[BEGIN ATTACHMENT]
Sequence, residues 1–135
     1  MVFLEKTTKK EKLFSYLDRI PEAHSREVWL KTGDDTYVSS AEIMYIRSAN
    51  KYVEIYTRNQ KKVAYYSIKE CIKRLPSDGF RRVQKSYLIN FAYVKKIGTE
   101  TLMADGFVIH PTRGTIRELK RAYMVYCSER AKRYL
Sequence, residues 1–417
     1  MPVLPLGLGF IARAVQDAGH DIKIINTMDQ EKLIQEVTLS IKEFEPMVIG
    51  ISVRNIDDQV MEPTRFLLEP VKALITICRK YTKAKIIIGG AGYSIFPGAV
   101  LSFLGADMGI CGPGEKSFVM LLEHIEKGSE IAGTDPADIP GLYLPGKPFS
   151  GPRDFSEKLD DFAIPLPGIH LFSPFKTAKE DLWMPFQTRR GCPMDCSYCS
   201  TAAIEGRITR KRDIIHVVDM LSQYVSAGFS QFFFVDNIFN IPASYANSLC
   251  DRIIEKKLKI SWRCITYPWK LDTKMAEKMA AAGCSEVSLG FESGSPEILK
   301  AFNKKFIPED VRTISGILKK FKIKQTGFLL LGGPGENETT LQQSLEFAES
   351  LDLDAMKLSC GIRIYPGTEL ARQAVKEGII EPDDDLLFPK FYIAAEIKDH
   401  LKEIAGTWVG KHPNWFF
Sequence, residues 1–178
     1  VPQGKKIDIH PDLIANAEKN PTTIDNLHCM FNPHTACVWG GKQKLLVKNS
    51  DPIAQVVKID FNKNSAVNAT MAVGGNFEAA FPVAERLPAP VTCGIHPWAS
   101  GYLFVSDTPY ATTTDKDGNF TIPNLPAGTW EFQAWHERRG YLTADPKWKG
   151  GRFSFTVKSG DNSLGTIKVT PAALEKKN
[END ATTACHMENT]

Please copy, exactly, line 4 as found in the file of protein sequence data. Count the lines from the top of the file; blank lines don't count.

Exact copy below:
   101  TLMADGFVIH PTRGTIRELK RAYMVYCSER AKRYL